If you are anything like us, you have burning questions that you want answered. That’s what the Ask the Expert series is all about – it’s a chance to get questions answered by local experts.
Today, we’re turning to our friends at Rivermont Collegiate to answer one of our questions about how to overcome obstacles to get our kids reading. This answer comes directly from Shalar Knupp, teacher/librarian at Rivermont.
And if you have a question you want answered, feel free to leave it in the comments or email it to us at [email protected] Your question may be answered in an upcoming post.
As parents we know that reading to our children is important to their readiness to learn, their success in school, and their likelihood of achieving a higher education. But in our busy lives, it might be more helpful to think about ways to tackle the obstacles to reading that our children may face.
The “I don’t see the point, he’s just a baby” obstacle.
For babies, the interaction and bonding time and the exposure to vocabulary are invaluable. In fact, up to a year old, just reading your own content appropriate books/magazines/etc. works just great. As they grow older, the routine of reading becomes just as important. If you are a “new parent-zombie who struggles to get enough sleep, try reading to your baby during feedings or other times when you have to be awake anyway.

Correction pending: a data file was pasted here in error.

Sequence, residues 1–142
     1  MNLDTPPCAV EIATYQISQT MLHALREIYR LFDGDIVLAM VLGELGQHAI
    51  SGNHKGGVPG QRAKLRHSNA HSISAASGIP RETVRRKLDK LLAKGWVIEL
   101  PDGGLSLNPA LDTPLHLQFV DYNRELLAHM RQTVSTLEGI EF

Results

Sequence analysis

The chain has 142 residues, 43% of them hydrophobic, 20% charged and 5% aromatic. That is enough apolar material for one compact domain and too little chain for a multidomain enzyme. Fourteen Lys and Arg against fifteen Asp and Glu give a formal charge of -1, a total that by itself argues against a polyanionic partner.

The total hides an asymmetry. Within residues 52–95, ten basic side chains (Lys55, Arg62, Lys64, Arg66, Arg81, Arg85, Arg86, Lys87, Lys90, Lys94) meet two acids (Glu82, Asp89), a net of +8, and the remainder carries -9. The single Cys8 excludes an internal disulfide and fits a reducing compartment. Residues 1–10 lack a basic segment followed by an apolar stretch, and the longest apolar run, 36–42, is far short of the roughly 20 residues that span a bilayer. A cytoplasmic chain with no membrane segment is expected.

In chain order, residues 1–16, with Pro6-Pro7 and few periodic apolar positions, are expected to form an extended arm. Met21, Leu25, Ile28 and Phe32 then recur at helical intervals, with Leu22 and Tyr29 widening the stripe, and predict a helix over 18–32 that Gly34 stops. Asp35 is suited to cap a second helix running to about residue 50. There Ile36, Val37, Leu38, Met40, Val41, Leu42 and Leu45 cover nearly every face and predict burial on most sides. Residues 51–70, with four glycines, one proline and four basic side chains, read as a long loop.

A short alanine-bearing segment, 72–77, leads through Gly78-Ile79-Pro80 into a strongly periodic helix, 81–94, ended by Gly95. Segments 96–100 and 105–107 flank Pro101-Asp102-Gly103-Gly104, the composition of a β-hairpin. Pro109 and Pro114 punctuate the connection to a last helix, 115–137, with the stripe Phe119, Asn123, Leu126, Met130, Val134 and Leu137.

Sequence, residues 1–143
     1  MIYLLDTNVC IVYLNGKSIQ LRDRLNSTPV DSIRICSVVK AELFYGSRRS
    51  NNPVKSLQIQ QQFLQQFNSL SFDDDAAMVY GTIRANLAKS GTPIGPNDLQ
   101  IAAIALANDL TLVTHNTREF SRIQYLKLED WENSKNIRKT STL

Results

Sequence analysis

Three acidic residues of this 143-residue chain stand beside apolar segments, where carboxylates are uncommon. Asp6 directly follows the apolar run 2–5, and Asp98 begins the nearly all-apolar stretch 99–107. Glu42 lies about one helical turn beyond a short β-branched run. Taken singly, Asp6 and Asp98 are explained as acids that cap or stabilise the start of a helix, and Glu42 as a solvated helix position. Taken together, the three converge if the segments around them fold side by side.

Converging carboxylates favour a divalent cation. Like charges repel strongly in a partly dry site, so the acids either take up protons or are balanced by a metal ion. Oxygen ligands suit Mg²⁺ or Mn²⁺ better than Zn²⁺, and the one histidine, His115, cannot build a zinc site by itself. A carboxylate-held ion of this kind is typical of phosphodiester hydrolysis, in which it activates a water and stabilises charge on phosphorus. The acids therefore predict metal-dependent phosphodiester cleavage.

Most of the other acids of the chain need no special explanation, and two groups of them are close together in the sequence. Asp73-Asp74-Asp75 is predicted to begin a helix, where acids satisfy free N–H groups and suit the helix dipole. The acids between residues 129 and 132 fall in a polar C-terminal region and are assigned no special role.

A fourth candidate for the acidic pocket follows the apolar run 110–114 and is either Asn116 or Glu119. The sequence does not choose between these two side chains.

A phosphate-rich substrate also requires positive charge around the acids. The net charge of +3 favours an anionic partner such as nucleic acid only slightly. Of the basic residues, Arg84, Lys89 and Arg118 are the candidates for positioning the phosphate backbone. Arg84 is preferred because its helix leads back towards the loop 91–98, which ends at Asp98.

The “My toddler would rather chew on books” obstacle.
As a librarian I felt like a failure when my toddler seemed so uninterested in all the awesome books I was trying to share with him. But I kept trying and my consistent effort finally paid off. He eventually stopped throwing the books and instead plopped down in my lap to read. So don’t give up! Even if your 2-year-old is distracted while you’re reading, keep on trying. His attention span will be brief, and that’s okay.
The “My third-grader says she hates reading” obstacle.
When your child says she doesn’t like to read the first thing to do is figure out why. It could be that she doesn’t like the required reading at school. If that’s the case, then find materials on topics that interest her. Reading may be a difficult process for your child. She may find it frustrating or anxiety-producing. If so, talk to her teacher or a librarian and get suggestions for “high interest-low reading level” books. Do what you can to take the pressure off.
The “My teenager has no time to read for fun” obstacle.
As an adult, I’m sure you can relate to this one. Teenagers have tons of reading to do for school. This is a time when we as parents can use the influence we thought was long gone, but actually isn’t, to model good reading habits. When your child sees you reading the paper, a stack of books at your bedside, or an e-reader while waiting at the DMV, it demonstrates the value you place on reading, despite your hectic schedule.
Encouraging our children to read, not just for necessity, but for fun as well, is important to their success. The obstacles we encounter along the way are opportunities to learn about what created those obstacles in the first place and what motivates our children to read. By overcoming obstacles to reading, we are helping our children become lifelong readers.
Disclosure: Thanks to the Rivermont Collegiate for sponsoring today’s post. We at QCMB love working with local schools to share positive information and make our community a better place to live, work and play.